Venezuela's Behind on Its Debt and Facing Two Huge Bond Payments
Comment of the Day

October 23 2017

Commentary by Eoin Treacy

Venezuela's Behind on Its Debt and Facing Two Huge Bond Payments

This article from Bloomberg may be of interest. Here is a section:

Venezuela could still also make the payments on time. While $10 billion in foreign reserves isn’t much for a country that now owes some $140 billion to foreign creditors, it’s still enough to pay the bills for a while.

And the Maduro government has surprised the bond market before, making payments the past couple years that many traders had anticipated would be missed. Some of those now betting that these next two payments will also be made actually point to the $350 million currently overdue on the other notes as an encouraging sign. Those arrears indicate, they contend, that officials are prioritizing the payment of bonds with no grace period at the expense of those they can put off without penalty.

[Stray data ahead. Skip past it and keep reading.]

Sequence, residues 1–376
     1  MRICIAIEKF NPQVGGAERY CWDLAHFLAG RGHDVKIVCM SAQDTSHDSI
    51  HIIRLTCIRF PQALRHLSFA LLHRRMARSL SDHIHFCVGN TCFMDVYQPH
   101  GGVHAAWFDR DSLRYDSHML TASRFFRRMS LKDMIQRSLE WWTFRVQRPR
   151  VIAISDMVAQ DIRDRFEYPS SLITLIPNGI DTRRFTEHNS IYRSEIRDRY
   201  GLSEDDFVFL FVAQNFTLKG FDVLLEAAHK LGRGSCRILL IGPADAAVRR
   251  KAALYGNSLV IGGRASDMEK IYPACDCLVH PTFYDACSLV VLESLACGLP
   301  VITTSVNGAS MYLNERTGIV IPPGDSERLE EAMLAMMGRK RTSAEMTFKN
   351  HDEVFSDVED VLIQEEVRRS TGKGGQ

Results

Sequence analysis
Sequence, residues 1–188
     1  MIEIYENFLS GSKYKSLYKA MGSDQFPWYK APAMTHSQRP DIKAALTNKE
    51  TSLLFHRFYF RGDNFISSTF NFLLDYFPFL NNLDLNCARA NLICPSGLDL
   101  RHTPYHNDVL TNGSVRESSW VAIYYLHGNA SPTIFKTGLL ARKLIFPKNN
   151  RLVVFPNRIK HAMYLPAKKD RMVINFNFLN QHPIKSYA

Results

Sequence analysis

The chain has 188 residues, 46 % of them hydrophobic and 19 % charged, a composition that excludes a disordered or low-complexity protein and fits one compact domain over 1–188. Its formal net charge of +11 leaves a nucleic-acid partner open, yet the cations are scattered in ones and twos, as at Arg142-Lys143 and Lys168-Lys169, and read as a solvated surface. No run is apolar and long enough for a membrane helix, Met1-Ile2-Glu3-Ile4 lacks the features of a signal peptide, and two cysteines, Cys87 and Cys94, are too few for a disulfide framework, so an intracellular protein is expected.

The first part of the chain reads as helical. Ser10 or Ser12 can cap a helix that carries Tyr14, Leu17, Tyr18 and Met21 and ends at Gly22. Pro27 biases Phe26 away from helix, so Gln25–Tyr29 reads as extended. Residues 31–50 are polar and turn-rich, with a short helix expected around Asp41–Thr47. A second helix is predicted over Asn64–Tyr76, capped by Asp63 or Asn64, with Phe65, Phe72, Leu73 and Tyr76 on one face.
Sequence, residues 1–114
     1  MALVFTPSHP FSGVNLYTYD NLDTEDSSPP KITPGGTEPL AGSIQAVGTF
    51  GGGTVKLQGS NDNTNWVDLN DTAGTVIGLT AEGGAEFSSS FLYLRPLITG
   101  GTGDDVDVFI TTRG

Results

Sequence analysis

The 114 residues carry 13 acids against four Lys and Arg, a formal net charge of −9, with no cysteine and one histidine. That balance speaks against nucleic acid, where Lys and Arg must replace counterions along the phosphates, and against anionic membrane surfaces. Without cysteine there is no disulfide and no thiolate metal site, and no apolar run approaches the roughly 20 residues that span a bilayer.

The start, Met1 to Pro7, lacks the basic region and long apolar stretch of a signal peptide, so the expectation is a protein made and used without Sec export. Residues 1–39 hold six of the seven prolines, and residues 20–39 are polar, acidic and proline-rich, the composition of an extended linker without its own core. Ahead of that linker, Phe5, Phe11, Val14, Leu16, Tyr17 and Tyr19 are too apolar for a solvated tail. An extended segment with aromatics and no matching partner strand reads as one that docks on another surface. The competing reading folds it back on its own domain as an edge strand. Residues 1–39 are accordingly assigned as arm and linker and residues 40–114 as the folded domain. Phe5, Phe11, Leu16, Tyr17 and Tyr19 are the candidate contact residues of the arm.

Even if Venezuela can make the payments due this year, investors say that, unless oil prices stage some sort of miraculous comeback, they still see default as an inevitable outcome. Credit-default swaps show they’re pricing in a 75 percent chance of a PDVSA default in the next 12 months and 99 percent in the next five years.

Eoin Treacy's view

Venezuela represents a problem for bond investors because it could either be a one-off default or be the thin end of the wedge for distressed energy producers. The fact PDVSA sinkable bonds are now trading at a spread of 526 basis points, versus 200 last week, suggests investors are increasingly skeptical the government is going to be able to make principal payments when they mature on November 2nd. 

Despite the run up in yields the bonds are priced in the 90s which is not indicative of panic. However, it remains a tense situation because faced with inevitable default the question the Venezuelan government must be asking is what they have to gain by persisting in paying. Oil prices would need to rally significantly and they would need to hedge years of production to come close to settling the debt the country has coming due in the next few years. 

Perhaps the more important point is the fact this issue is arising against a background where stock markets are somewhat overbought, so a Venezuelan default could act as a catalyst for some profit taking. 

Meanwhile gold continues to hold the region of the trend mean and the psychological $1250 area. 

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